A pilot group of 10 high school classrooms participating in the Southern Regional Education Board’s (SREB) Advanced Career (AC) curriculum is tapping into new expertise via “virtual mentors” from industry giants Siemens and National Instruments Corporation.
Students taking AC pathway courses study college-readiness academic content while completing hands-on, project-based assignments using Siemens Solid Edge CAD software, and National Instrument LabView software. They work in teams to research and develop solutions to project problems, then present their findings. Each four-course pathway is developed with direct industry involvement and allows students to communicate with and ask questions of experienced professionals.
SREB is establishing a Web-based network of mentors from approved companies, which Siemens PLM and National Instruments will help pilot, and hopes to attract more mentors from companies in high-demand, high-wage fields that are important to state and national economies.
Mentors are not a substitute for teachers and do not directly help the teams solve problems. Instead, they are content specialists who support the student team with advice and counsel. Students can request feedback about the problem statement, design solution, research findings, final report and presentations. Weekly communications are monitored through teachers’ email accounts.
Bruce Hamrick, who leads AC’s Integrated Production technologies curriculum at the Carver Career and Technical Center in Kanawha, West Virginia, hopes virtual mentoring will help his students gain a better understanding of class projects and how each relates to work in a manufacturing setting. “I hope that it helps my students develop better communications skills as well as [gain] a better understanding of 21st-century skills needed for careers and/or postsecondary education.”
Hamrick adds, “I do think that the students will get real world experience by establishing communications with a mentor in the industry. It will help encourage and motivate students.”
Corporate involvement with high schools has proven to be a win-win for schools, students and participating industries. The pilot is being conducted in four AC pathways: Clean Energy Technology, Energy and Power, Innovations in Science and Technology, and Integrated Production Technologies. The other four AC pathways are Aerospace Engineering, Global Logistics and Supply Chain Management, Health Informatics, and Informatics. SREB and states are recruiting virtual mentors for these pathways. Each pathway contains four courses of increasingly challenging industry-based projects for students in grades nine through 12 and continued learning in work and postsecondary 9-14 programs.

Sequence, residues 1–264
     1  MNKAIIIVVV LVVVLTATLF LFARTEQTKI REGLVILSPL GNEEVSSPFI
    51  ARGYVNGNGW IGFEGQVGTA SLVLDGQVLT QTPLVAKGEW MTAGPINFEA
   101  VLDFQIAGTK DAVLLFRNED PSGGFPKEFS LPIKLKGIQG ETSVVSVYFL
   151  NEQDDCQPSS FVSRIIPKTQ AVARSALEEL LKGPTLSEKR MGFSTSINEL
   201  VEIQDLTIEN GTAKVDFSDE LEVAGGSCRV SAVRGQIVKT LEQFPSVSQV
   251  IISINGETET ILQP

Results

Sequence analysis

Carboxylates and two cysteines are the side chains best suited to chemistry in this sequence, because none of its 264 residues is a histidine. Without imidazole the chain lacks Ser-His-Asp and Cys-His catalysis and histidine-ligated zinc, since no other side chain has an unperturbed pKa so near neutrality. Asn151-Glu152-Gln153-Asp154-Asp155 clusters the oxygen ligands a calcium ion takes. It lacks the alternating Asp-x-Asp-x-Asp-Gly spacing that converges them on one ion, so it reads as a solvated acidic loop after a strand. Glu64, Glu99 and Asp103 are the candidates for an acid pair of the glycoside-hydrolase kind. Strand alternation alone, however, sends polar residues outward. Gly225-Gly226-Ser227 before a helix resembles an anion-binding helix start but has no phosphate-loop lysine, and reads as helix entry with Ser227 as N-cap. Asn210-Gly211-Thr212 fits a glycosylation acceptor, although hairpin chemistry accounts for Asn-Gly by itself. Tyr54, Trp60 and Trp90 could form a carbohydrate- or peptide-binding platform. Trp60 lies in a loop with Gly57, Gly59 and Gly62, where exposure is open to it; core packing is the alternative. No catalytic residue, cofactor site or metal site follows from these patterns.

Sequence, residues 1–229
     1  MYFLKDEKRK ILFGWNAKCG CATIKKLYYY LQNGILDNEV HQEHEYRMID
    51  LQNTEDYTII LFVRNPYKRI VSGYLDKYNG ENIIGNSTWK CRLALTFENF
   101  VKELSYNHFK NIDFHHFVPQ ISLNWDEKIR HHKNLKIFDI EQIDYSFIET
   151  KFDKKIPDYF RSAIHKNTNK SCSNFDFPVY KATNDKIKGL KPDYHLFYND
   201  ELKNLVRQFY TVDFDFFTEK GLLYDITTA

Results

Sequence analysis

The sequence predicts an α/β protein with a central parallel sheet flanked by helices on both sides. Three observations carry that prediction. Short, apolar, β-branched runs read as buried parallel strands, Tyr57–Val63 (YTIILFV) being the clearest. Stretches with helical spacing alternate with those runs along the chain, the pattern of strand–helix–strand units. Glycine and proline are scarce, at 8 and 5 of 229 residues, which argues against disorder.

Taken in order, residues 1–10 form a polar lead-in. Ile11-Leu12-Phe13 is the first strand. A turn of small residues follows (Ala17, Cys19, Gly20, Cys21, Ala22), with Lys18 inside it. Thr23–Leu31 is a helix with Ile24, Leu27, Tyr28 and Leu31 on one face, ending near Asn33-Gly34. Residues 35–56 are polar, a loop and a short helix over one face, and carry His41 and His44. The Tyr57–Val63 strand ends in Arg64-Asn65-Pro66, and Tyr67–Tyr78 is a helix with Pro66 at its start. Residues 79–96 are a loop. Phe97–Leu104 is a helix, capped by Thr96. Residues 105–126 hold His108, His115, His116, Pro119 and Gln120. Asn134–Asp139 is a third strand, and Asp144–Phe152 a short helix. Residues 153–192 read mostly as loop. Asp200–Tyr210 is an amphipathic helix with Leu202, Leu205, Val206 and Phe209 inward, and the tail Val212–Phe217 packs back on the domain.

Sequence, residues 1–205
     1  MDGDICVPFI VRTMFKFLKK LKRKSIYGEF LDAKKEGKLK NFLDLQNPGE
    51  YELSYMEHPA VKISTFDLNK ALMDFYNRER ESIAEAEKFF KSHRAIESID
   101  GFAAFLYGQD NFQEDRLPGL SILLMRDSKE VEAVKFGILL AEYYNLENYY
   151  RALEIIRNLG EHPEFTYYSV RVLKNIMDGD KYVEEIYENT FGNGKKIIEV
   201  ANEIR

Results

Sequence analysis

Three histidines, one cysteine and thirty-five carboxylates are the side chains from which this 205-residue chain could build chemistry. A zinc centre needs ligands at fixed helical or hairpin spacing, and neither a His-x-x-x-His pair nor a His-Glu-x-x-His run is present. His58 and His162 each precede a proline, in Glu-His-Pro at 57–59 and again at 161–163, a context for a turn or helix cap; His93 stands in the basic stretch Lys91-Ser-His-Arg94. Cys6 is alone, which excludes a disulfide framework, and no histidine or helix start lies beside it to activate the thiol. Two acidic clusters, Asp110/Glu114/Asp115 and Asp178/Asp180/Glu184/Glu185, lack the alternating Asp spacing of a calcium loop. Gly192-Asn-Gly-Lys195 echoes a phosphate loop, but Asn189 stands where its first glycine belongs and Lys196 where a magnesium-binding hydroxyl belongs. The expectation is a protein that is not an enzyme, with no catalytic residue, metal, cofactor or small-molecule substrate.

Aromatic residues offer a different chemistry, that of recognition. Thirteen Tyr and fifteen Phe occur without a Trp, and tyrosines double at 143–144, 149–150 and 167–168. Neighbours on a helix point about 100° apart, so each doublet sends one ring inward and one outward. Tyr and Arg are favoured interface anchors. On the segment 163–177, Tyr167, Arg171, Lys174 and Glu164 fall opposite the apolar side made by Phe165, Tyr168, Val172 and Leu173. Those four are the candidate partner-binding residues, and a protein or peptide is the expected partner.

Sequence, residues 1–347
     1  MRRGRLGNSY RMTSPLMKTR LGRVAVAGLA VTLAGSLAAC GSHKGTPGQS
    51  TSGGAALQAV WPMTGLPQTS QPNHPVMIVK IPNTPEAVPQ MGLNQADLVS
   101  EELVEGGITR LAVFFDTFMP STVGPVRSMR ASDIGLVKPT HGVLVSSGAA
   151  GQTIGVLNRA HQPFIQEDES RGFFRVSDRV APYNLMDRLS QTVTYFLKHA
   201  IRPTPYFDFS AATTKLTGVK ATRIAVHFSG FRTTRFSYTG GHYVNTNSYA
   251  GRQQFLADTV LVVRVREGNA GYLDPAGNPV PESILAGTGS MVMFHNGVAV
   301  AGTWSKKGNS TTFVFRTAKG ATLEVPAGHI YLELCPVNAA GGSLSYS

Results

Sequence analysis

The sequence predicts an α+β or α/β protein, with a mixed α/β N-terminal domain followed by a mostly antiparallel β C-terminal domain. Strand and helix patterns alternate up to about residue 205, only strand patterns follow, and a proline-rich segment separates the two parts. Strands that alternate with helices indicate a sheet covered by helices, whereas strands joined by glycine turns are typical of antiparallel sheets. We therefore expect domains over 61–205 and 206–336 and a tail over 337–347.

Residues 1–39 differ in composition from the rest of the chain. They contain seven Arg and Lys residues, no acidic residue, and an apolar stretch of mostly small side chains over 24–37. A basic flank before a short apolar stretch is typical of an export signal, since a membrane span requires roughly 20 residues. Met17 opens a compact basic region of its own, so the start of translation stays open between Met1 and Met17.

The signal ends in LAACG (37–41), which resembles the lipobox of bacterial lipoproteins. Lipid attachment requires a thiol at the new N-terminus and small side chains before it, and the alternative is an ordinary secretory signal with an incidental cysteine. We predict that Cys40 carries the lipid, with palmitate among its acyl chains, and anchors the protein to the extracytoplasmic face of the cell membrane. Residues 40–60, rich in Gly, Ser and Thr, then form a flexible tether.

Siemens PLM customers looking for additional information or who are interested in becoming a virtual mentor themselves, please contact Matt Bruce.
SREB is a nonprofit, nonpartisan organization headquartered in Atlanta. Member states are Alabama, Arkansas, Delaware, Florida, Georgia, Kentucky, Louisiana, Maryland, Mississippi, North Carolina, Oklahoma, South Carolina, Tennessee, Texas, Virginia and West Virginia. SREB’s work is funded by member appropriations and by grants and contracts from foundations and local, state and federal agencies.
The Board includes the governor and four gubernatorial appointees from each member state, including at least one state legislator and one educator. The Legislative Advisory Council of legislators from each state advises the Board.
SREB was created in 1948 by Southern governors and legislators who recognized the link between education and economic vitality. To this day, the organization maintains its focus on critical issues that hold the promise of improving quality of life by advancing public education. The region’s track record shows that setting goals and maintaining the commitment to work toward them can make a difference.
The nation’s first regional interstate compact for education, SREB is today the most comprehensive, working directly with state leaders, schools and educators.